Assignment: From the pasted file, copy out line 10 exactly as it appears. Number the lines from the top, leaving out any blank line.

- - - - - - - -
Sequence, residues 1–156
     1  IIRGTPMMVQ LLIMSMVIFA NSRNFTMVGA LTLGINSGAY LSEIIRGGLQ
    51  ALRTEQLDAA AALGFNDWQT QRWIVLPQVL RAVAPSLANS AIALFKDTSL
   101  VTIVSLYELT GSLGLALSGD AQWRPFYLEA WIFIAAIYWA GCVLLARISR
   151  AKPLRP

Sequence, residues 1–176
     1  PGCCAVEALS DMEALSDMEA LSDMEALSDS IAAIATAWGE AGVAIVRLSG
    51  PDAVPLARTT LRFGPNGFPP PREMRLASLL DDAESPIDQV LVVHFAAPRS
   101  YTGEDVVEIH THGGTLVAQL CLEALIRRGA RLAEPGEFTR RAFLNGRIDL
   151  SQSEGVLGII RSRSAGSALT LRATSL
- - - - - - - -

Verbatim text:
   151  SQSEGVLGII RSRSAGSALT LRATSL